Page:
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  5. "This is my husband."

"This is my husband."

Translation:Detta är min man.

February 25, 2015

19 Comments


https://www.duolingo.com/profile/IrrationalNumber

I thought "Denna" was for words which want "en" article before them and "Detta" in case they required "ett". But this logic seems to fail with this since it's "en man" and not "ett man". How do I choose between "denna" and "detta"? No real rule for it?


https://www.duolingo.com/profile/devalanteriel

It's because when you say denna katt or detta bord, you're making a single reference to one grammatical entity. But when you say this is my husband, you're making two references to two grammatical entities, however unintuitive it may seem.

The detta is referring to an unnamed entity, and my husband is then bound to this entity through a process called anaphora resolution. In English, this doesn't really matter for how a human interprets the sentence, and it doesn't affect the grammar. But in Swedish, the unnamed entity is described as if it were a neuter noun, so you get detta är min man or det här är min man.

The sentence denna är min man is not ungrammatical, but it does not mean the exact same thing - rather, it would be like the English sentence this one is my husband, where you make an emphasis to show that it's not some other husband who belongs to you. And that follows another process.

As a test, you could turn the phrase around to see if it makes sense. For instance, you can say this one is my husband and you can say my husband is this one - a clear indication that you are making a single reference, and it should translate to denna/den här. But if you turn this is my husband around, you get my husband is this, which while not ungrammatical makes our brains complain, and so it should be detta/det här.

I realise this is hardly easy to keep in mind during casual conversation. To be honest, as a native speaker it's just one of those things I take for granted. If anybody has an easier rule to offer, I'd welcome it. (And by the way, the "it" in "it's just one of those things", follows the same rule and should thus be det in Swedish.)

And finally, if you happen to be a programmer, think of it like the difference between these two:

  • public somevar; [...] somevar = 42; // creates a placeholder variable, later makes it an integer at assignment
  • public int somevar = 42; // immediately creates an integer with a given value

https://www.duolingo.com/profile/MarkBorkBorkBork

That explanation is worthy of a lingot.


https://www.duolingo.com/profile/Prof3ssorSt3v3

I agree. That programming metaphor was excellent.


https://www.duolingo.com/profile/rwhodges

Best explanation I've seen so far for this - thanks! (It ought to be added to the collection of helpful threads; I can't tell from here in the mobile app if it already is there.)


https://www.duolingo.com/profile/SamPatJohn

5 star explanation! Wish i could give lingots on mobile.


https://www.duolingo.com/profile/joncoded

It is as though you begin with a container that has a genderless void but later fill up the container with a gendered entity!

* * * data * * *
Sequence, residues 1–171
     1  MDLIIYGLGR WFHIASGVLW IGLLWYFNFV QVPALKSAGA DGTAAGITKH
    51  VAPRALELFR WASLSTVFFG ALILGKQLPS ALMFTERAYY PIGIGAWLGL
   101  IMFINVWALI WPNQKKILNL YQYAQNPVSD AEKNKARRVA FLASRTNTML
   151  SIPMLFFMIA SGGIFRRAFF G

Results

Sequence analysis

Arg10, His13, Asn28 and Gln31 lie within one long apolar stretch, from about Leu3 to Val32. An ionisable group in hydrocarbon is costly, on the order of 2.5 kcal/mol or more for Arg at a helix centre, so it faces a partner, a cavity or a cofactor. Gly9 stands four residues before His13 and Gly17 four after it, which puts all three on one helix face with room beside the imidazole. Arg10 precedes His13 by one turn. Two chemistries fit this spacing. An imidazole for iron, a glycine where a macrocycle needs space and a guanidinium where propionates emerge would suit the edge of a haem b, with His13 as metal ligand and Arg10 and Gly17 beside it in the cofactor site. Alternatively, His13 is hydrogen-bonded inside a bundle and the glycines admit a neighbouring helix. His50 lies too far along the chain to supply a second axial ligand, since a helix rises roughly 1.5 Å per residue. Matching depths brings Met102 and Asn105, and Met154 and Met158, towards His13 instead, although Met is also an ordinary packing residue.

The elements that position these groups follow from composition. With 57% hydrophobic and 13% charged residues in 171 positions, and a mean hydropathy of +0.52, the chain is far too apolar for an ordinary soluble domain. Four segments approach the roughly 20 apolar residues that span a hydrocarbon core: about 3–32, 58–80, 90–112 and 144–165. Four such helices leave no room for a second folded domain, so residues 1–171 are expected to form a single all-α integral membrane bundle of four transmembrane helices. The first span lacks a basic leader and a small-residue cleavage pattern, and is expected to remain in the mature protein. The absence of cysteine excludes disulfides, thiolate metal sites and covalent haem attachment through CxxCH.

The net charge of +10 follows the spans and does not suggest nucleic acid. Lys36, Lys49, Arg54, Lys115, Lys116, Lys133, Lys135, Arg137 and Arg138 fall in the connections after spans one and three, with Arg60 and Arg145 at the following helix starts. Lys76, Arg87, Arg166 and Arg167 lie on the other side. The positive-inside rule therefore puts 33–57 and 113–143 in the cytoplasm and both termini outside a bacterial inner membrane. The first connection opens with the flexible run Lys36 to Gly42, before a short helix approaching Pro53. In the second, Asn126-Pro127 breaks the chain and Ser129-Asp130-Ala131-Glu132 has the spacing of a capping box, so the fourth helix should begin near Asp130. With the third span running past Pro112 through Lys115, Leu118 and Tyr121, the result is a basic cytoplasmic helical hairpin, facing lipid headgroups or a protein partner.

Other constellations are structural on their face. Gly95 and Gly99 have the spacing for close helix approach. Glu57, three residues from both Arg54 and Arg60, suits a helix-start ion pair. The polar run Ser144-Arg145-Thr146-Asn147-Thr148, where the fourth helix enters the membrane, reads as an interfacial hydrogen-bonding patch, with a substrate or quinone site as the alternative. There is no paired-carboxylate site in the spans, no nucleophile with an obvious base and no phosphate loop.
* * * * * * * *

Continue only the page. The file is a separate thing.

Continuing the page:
https://www.duolingo.com/profile/MikyNik1856

How would you translate the following "Look at this guy, this is my husband"? Aren't we using "det" instead of "den" simply because the husband has not been mentioned previously in the same sentence?


https://www.duolingo.com/profile/DMcSea
  • 1141

Excuse my stupidity, but why isn't it det här är min mannen?


https://www.duolingo.com/profile/Arnauti

For the same reason it isn't my the husband in English – we don't use the definite after possessive pronouns.


https://www.duolingo.com/profile/DMcSea
  • 1141

Thanks Arnauti. I had it in my skull that detta didn't use the definite but det här did. A year in and I still trip over twigs on the forest floor.


https://www.duolingo.com/profile/DMcSea
  • 1141

Confusing myself even further though: Det här huset är... Detta hus är... but Detta är mitt hus and Det här är mitt hus? Should I give up and try Austrian or Belgian instead?


https://www.duolingo.com/profile/Arnauti

rwhodges is right. The difference between detta and det här only surfaces when they stand together with a noun. When there's a verb between the demonstrative pronouns and the noun, it's no longer the demonstrative pronoun that decides whether the noun is definite or not.

Some examples:

Jag vill ha den här bilen 'I want this car'
Jag vill ha denna bil 'I want this car'

Den här bilen är min 'This car is mine'
Denna bil är min 'This car is mine'

Det här är min bil 'This is my car'
Detta är min bil 'This is my car'

'this' in the last two sentences doesn't directly refer to the car: rather, it refers to 'the thing I'm talking about'.


https://www.duolingo.com/profile/DMcSea
  • 1141

Thank you both


https://www.duolingo.com/profile/rwhodges

I'm sure Arnauti can explain this better but consider the differences between the sentences Det här huset är mitt and Det här är mitt hus. "This house is mine" versus "This is my house". I guess it's that when you say "this X" you use the definite form, but when you say "my X" you use the indefinite.


https://www.duolingo.com/profile/pekarekr

I think of the word "detta/this" as possibly referring to a photo, something ambiguous so "it", in English would be neuter, in Swedish can't be assigned the common gender.


https://www.duolingo.com/profile/MarcillioFagner

det eller detta??? What´s the difference?


https://www.duolingo.com/profile/Arnauti

detta means 'this' but det means 'it' or sometimes 'that'.


https://www.duolingo.com/profile/MONTLIBAN

The question suggested den ar and det ar. Yet Duo refused i why?

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